About a month back, a prominent inside-the-Beltway political magazine ran a story on Tea Party candidates and earmarks, claiming that anti-earmark candidates were responsible for $1 billion in earmarks over 2010. I had just finished building a comprehensive earmark package based on OMB data, so naturally my editor sent me a link to the story and asked me to double-check their math. At first glance, the numbers generally matched--but on a second examination, the article's total double- and triple-counted earmarks co-sponsored by members of the Tea Party "caucus." Adjusting my query to remove non-distinct earmark IDs knocked about $100 million off the total--not really that much in the big picture (the sum still ran more than $900 million), but enough to fall below the headline-ready "more than $1 billion" mark. It was also enough to make it clear that the authors hadn't really understood what they were writing about.
In general, I am in favor of journalists learning how to leverage databases for better analysis, but it's an easy technology to misuse, accidentally--or even on purpose. There's a truism that the skills required to interpret statistics go hand in hand with the skills used to misrepresent them, and nowhere is that more pertinent than in the newsroom. Reporters and editors entering the world of data journalism need to hold onto the same critical skills they would use for any other source, not be blinded by the ease with which they can reach a catchy figure.
That said, journalists would do well to learn about these tools, especially in beats like economics and politics, if only to be able to spot their abuses. And there are three strong arguments for using databases (carefully!) for reporting: improving newsroom mathematical literacy, asking questions at modern scale, and making connections easier.
First, it's no secret that journalists and math are often uneasy bedfellows--a recent Washington Post ombudsman piece explored some of the reasons why numerical corrections are so common. In short: we're an industry of English majors whose eyes cross when confronted with simple sums, and so we tend to take numbers at face value even during the regular copy-editing process.
These anxieties are signs of a deeper problem that needs to be addressed, and there's nothing magical about SQL that will fix them overnight. But I think database training serves two purposes. First, it acclimatizes users to dealing with large sets of numbers, like treating nosocomephobia with a nice long hospital stay. Second, it reveals the dirty secret of programming, which is that it involves a lot of math process, but relatively little actual adding or subtracting, especially in query languages. Databases are a good way to get comfortable with numbers without having to actually touch them directly.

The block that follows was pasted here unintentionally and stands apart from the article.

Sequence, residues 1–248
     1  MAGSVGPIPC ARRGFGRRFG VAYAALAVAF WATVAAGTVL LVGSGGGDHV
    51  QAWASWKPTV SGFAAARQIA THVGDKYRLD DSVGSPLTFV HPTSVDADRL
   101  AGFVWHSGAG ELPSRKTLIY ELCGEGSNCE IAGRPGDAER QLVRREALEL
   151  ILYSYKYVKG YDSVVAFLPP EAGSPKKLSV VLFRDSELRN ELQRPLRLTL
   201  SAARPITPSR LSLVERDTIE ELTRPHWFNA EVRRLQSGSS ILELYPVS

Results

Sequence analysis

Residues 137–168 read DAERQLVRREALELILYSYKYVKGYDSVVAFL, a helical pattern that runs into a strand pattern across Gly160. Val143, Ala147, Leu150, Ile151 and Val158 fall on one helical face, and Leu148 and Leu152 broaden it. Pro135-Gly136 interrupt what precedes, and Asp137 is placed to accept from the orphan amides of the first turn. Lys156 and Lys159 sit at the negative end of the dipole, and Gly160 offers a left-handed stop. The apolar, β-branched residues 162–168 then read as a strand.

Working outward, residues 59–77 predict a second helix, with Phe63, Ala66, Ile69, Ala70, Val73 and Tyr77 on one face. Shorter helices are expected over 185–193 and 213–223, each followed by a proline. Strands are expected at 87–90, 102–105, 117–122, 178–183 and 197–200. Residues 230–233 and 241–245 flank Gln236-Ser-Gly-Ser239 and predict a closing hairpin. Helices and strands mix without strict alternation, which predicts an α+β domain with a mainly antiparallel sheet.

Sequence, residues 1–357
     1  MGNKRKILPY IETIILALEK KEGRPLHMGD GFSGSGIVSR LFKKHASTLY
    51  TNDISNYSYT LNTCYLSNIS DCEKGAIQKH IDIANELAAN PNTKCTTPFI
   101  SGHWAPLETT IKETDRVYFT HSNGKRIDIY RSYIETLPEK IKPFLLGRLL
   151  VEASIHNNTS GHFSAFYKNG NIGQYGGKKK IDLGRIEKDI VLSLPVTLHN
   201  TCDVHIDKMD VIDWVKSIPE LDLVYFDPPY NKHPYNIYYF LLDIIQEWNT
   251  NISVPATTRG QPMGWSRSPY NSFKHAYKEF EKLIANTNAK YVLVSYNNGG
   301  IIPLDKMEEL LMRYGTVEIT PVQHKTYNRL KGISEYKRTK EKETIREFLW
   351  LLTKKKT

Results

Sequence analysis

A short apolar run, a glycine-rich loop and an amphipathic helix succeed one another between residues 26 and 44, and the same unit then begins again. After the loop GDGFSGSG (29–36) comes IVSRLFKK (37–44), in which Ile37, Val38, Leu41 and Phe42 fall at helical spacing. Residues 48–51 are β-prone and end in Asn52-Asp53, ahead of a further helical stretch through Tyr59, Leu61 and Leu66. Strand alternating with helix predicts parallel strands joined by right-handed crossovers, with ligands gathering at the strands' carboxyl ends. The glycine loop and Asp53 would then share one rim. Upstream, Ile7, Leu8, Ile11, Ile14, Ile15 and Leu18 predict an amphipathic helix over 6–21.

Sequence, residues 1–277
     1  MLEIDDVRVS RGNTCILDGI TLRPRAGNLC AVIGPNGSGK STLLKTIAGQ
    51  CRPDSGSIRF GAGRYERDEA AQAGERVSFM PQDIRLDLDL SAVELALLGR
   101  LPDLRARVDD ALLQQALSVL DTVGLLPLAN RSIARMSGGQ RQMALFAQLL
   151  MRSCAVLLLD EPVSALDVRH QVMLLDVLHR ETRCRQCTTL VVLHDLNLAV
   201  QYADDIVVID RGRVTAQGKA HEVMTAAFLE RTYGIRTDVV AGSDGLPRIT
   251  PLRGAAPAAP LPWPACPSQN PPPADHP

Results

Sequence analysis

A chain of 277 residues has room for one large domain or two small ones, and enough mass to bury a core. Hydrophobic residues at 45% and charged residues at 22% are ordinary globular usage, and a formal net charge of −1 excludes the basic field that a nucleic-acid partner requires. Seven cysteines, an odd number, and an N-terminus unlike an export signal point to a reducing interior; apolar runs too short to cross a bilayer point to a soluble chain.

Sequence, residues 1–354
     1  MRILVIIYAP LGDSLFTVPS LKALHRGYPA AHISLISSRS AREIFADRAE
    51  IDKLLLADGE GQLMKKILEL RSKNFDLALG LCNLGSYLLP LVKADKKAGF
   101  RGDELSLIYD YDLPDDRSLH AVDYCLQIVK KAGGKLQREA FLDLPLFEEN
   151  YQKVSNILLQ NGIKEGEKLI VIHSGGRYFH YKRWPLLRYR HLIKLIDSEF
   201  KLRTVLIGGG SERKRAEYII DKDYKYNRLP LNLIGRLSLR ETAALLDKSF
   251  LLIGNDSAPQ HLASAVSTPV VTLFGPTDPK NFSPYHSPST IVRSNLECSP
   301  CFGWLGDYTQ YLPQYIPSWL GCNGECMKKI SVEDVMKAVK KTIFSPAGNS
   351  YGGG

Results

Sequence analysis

Ultimately, journalists need to be comfortable with numbers, because they're becoming an institutional hazard. While the state of government (and private-sector) data may still leave a lot to be desired from a programmer's point of view, it's practically flooded out over the last few years, with machine-readable formats becoming more common. This mass of data is increasingly unmanageable via spreadsheet: there are too many rows, too many edge cases, and too much filtering required. Doing it by hand is a pipe-dream. A database, on the other hand, is designed to handle queries across hundreds of thousands of rows or more. Languages like SQL let us start asking questions at the necessary scale.
Finally, once we've gotten over a fear of numbers and begun to take large data sets for granted, we can start using relational databases to make connections between data sets. This synthesis is a common visualization task that is difficult to do by hand--mapping health spending against immigration patterns, for example--but it's reasonably simple to do with a query in a relational database. The results of these kinds of investigations may not even be publishable, but they are useful--searching for correlation is a great jumping-off point for further reporting. One of the best things I've done for my team lately is set up a spare box running PostgreSQL, which we use for uploading, combining, searching, and then outputting translated versions of data, even in static form.
As always when I write these kinds of posts, remember that there is no Product X for saving journalism. Adding a database does not make your newsroom Web 2.0, and (see the example I opened with) it's not a magic bullet for better journalism. But new technology does bring opportunities for our industry, if we can avoid the Product X hype. The web doesn't save newspapers, but it can (and should) make sourcing better. Mobile apps can't save subscription revenues, but they offer better ways to think about presentation. And databases can't replace an informed, experienced editor, but they can give those journalists better tools to interrogate the world.